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    (Original post by non)
    you can learn for almost no money without going to a university. if you want a job go to a university.
    for subjects such as chemistry, physics, biology, engineering and medicine gaining practical experience is vital to studying the subject. i dont see how you can study these subjects for free at home without missing out vital experience that requires, quite often, extremely expensive equipment.
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    (Original post by flying plum)
    I don't disagree with what you've just said re-employability. My point was that the move recently has been that the only 'worthwhile' degrees are ones which directly lead to employment. I take issue with that. Furthermore, I know plenty of people who did non-vocational degrees, who are all happily employed now, in things which are loosely connected to their degrees (history of art and a philosopher in advertising, english lit in PR, history as a journalist and so on). Their degrees taught them the skills they needed for these jobs...they just weren't vocationally trained, because they didn't really need to be. They could learn a whole heap of lovely things, then go out into the world, and find a job... perhaps not as simple as just joining a grad scheme, but still.
    You're right, and that has been the case in post-modern higher education, people are following careers that are only just about connected to their area of study. Myself included. I think you may have it slightly wrong on how higher education is today though. It's not "the only worthwhile", it's more a recognition of demand for more directly related subjects, so students are graduating with degrees that carry a higher value to businesses. This is a good thing. Education must adapt to the needs of the economy, we're not talking about a complete shift over to "degrees must only be 100% vocational", it's just simple supply and demand. You can still do Eng. Lang. and get into journalism, or Pure Math and get into Banking etc..

    There is a problem in higher education and it's being addressed. Too many young people have enjoyed an easy ride to a 2:2 in a whimsical, over subscribed subject, and that's why there's a higher than usual unemployment rate in this demographic. That, and the pretense of self importance ingrained in this demographic (because of having a degree), meaning they won't take employment 'below their station'.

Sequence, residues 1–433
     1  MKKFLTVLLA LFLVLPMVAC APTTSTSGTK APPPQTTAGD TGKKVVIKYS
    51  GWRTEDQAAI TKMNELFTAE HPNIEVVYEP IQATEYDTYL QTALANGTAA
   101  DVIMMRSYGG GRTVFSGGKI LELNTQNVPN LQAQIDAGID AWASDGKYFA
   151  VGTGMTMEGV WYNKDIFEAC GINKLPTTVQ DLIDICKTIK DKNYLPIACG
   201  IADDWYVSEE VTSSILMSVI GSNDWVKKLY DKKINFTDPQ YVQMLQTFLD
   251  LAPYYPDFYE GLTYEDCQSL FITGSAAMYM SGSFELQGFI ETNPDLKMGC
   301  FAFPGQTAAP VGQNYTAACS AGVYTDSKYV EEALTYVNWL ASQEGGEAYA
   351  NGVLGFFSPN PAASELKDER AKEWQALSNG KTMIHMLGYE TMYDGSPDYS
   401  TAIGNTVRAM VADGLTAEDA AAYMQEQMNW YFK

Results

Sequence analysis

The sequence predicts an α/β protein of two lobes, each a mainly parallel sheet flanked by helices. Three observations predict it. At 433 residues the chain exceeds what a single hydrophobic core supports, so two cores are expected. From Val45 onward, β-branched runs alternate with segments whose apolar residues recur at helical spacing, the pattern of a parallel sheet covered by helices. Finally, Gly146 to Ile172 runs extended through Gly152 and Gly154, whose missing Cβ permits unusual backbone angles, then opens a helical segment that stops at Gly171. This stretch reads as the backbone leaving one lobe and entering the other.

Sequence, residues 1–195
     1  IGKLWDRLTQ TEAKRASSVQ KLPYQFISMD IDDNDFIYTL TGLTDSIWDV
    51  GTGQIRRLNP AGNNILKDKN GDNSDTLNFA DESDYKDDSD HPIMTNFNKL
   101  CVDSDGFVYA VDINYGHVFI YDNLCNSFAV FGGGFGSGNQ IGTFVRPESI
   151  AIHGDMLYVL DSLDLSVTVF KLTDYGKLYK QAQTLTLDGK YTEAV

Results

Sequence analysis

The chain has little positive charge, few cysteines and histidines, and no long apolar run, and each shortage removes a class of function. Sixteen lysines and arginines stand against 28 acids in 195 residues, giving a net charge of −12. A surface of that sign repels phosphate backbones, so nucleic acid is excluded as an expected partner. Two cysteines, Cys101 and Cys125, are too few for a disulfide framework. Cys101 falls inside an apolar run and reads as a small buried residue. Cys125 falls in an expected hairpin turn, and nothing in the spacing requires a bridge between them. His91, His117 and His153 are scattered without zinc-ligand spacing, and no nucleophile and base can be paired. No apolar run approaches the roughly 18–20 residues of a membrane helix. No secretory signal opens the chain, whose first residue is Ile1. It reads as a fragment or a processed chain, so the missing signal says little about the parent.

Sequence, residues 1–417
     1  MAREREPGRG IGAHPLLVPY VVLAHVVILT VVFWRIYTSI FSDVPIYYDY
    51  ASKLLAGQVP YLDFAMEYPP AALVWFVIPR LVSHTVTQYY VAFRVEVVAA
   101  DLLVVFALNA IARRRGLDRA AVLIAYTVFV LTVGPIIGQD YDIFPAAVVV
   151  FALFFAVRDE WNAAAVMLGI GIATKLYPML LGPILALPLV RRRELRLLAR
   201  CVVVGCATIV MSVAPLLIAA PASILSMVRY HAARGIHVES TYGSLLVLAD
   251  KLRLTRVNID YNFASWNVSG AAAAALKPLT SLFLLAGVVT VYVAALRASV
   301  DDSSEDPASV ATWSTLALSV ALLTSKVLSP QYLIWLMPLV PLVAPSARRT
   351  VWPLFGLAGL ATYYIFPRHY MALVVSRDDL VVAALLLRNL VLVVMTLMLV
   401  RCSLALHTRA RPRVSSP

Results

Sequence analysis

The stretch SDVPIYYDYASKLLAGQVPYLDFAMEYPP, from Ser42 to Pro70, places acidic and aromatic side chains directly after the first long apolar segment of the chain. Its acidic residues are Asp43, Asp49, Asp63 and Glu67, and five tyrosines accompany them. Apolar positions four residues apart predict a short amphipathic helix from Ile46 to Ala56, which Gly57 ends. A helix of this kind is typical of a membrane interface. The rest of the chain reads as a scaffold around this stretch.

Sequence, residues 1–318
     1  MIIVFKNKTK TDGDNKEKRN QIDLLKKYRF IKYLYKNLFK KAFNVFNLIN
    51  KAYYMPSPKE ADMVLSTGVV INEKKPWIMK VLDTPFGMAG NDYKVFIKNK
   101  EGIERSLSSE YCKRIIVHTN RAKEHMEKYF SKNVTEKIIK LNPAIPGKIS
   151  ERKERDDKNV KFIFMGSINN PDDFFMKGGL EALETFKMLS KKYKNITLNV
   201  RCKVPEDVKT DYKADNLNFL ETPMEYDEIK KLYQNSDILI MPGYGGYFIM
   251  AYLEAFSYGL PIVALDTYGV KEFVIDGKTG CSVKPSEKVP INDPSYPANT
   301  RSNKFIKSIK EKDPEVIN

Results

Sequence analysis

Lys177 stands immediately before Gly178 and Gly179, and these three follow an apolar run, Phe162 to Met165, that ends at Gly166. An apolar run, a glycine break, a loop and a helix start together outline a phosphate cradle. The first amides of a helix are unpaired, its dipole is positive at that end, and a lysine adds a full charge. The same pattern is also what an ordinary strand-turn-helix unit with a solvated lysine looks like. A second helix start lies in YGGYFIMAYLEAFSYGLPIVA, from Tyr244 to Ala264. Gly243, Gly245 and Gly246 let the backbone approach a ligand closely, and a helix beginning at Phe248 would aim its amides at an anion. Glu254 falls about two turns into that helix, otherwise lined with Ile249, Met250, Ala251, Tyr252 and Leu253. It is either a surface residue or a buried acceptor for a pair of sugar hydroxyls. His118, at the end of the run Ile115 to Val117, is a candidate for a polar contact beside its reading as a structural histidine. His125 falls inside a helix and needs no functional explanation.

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    Ive applied to Media Communications and Cultures degrees, and have received all offers.
    As said above, I ended up choosing this area since it has always been of interest to me, and I would love to learn more about the journalism side of things e.g. filming documentaries/providing news from around the world in the form of new media/TV. I lack a passion for any subject due to me not having one particular talent - even at 18!

    My main rule when sorting my uni stuff out was to make sure I didn't choose media as a degree as the way I saw it, I would be screwed in terms of employment prospects afterwards - but of course its what I applied for.

    However, after thorough research about the degree I did find that a lot of employment aspects lean on 1) Where you graduated from 2) Work experience

    I made sure I applied to respected courses - Newcastle, Lancaster, Loughborough, Leister, Leeds (Only bothered about the first two)
    I am also taking a gap year to make sure it is what I really want - especially considering the fees rise last year, and the degree being considered soft

    Anyway, the way I see it is the more research you put in will result in the more motivation you have when you do the degree, and hopefully results in the higher grade you get - this accounts for all degrees in my eyes, regardless of 'softness' or 'academic-ness'
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    Have you been to Lancaster University?? It's literally in the middle of nowhere, on the side of the motorway. I admire you for choosing universities based on their reputation, but you need to factor in how much you will enjoy being there.

    I would highly advise anyone to do a 4 year sandwich course with a year out on placement, the new fees system is built to encourage this, and it will increase your employability ten fold. It also gives you 2 years of studying your subject, and discovering what you enjoy about it and what career you would like to persue, then get some experience in that area. No one expects an 18 year old to know what they want be. Also, take advantage of the system and try to get experience overseas, you won't regret it.

    Communications and Cultures is far more specialised than a bog standard 'media studies' degree, you'll be fine.
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    Yes.